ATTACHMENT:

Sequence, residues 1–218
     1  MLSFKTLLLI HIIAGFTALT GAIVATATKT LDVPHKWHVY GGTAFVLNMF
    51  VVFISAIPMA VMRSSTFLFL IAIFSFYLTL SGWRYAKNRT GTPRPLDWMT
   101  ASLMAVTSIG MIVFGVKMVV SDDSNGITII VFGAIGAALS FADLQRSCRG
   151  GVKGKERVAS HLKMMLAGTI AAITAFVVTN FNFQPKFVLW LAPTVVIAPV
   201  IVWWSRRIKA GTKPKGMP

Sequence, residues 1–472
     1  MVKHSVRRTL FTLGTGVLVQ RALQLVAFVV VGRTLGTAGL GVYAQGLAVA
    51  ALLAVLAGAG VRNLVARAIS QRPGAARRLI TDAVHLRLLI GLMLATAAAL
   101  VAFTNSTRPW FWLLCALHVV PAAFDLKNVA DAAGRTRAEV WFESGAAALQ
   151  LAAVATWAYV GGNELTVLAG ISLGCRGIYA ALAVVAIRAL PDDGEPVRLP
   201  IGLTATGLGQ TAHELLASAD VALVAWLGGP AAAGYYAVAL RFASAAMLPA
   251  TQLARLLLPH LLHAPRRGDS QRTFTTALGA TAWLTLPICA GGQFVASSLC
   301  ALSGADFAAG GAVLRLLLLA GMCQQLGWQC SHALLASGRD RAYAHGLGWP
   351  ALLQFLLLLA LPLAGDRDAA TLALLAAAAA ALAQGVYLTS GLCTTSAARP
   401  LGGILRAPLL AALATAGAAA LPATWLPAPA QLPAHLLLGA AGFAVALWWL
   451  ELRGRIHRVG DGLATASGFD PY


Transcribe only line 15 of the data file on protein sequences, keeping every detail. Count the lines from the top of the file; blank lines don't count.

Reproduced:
   351  ALLQFLLLLA LPLAGDRDAA TLALLAAAAA ALAQGVYLTS GLCTTSAARP